By turning reality into a mosaic of clear ideas, Cartesian mathematicism raised difficulties which the whole of the seventeenth and eighteenth centuries tried to resolve, and which the nineteenth century finally despaired of resolving, at the same time despairing of philosophy itself. p.64

Having left us with thought (not a soul), and extension (not a body), [Descartes] does not know how to account for the union of soul and body. p.64

Having expelled quality from the field of extension, [idealists] do not know how to account for it when it reappears in thought. p.64

Hume’s skepticism, therefore, descends in a direct line from Cartesian mathematicism. p.66

If there is a single initial error at the root of all the difficulties philosophy is involved in, it can only be the one Descartes committed when he decreed, a priori, that the method of one of the sciences of reality was valid for the whole of reality. p.69

The scientific sterility of the Middle Ages has to be condemned for the same reasons which make it necessary today to condemn the philosophic sterility of scientism. Aristotle, too, exaggerated the scope of a particular science and the value of its method to the detriment of others. p.72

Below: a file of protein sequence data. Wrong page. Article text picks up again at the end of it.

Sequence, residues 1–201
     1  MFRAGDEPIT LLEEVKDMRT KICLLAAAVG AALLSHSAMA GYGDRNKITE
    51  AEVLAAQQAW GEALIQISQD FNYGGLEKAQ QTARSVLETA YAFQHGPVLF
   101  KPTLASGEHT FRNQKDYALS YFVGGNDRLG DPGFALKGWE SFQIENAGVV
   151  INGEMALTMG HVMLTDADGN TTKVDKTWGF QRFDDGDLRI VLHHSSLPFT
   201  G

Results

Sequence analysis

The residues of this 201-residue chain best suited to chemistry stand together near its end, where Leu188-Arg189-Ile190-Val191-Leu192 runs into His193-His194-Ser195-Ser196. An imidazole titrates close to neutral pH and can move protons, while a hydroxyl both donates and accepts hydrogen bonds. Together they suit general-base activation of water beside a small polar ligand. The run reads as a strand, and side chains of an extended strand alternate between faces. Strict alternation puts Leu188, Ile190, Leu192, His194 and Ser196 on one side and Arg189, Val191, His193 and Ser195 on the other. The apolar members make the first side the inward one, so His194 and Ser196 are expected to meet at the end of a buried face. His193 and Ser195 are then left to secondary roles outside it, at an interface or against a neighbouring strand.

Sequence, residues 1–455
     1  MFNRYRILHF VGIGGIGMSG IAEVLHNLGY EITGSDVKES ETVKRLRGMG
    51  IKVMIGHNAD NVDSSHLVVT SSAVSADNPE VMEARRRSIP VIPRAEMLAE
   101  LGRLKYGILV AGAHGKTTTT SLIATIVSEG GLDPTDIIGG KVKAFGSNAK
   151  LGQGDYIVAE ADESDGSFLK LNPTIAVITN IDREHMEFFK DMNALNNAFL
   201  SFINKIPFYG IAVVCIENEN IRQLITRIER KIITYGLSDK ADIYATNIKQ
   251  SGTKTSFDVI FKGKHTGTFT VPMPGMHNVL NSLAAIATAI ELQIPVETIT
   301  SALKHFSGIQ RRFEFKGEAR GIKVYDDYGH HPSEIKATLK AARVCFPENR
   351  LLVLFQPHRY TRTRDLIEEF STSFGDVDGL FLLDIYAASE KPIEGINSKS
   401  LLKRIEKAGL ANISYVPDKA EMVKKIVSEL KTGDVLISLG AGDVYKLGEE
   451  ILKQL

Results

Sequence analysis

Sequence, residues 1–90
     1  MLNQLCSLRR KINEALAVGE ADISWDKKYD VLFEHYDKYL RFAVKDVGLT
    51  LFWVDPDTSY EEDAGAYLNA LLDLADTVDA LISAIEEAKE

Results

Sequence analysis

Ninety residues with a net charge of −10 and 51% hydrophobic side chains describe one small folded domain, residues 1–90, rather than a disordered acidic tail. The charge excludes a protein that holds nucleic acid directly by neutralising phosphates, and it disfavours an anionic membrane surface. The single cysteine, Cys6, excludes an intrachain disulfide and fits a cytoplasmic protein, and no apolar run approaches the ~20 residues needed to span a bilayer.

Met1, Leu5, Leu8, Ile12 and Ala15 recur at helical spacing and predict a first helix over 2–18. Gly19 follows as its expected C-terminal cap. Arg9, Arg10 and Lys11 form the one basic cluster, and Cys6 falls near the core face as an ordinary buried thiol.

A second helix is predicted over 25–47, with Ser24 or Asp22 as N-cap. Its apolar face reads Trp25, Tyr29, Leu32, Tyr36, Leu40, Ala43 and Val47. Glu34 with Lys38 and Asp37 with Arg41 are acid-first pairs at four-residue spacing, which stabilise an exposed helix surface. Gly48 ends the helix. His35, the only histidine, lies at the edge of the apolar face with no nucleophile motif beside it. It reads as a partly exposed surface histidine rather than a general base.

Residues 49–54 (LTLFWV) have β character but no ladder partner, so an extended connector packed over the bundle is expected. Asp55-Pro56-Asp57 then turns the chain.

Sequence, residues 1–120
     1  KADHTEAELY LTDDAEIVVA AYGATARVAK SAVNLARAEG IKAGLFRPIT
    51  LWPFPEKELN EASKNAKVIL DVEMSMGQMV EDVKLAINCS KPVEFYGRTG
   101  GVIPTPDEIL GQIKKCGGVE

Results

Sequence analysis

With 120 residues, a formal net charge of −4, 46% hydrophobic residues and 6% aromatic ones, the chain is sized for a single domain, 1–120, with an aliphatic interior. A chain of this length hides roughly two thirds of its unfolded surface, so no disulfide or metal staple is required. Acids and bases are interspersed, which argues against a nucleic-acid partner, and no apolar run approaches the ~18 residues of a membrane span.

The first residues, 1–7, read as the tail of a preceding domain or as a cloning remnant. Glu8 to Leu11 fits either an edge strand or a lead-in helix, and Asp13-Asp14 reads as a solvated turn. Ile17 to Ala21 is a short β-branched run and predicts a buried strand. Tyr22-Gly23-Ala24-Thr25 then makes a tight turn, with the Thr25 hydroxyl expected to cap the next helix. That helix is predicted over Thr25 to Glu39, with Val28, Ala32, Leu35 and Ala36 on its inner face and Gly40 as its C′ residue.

Aristotle’s error was philosophically less dangerous because it was an error of fact and left the rights of philosophy intact. In biologizing inorganic nature, Aristotle and the medieval philosophers condemned themselves to ignorance about the sciences of the inorganic world … p.72

An Aristotelian discourse on the method is therefore an impossibility. One can speak, in the Aristotelian context, only of a discourse on methods. p.73

If there is something more in a living being than a pure mechanism, Descartes is bound in advance to miss it. p.74

So our first duty today is to be more faithful to the demands of realism than the Middles Ages were, and giving each order of reality its due. p.75

Between Cartesian “artificialism”, which turned animals into machines, and Aristotelian vitalism, which treated physical bodies as if they were animals, it should be possible to find room for mechanism in the physical order and vitalism in the biological. Every “nature” requires a formal principle, but not every form is a living form. p.76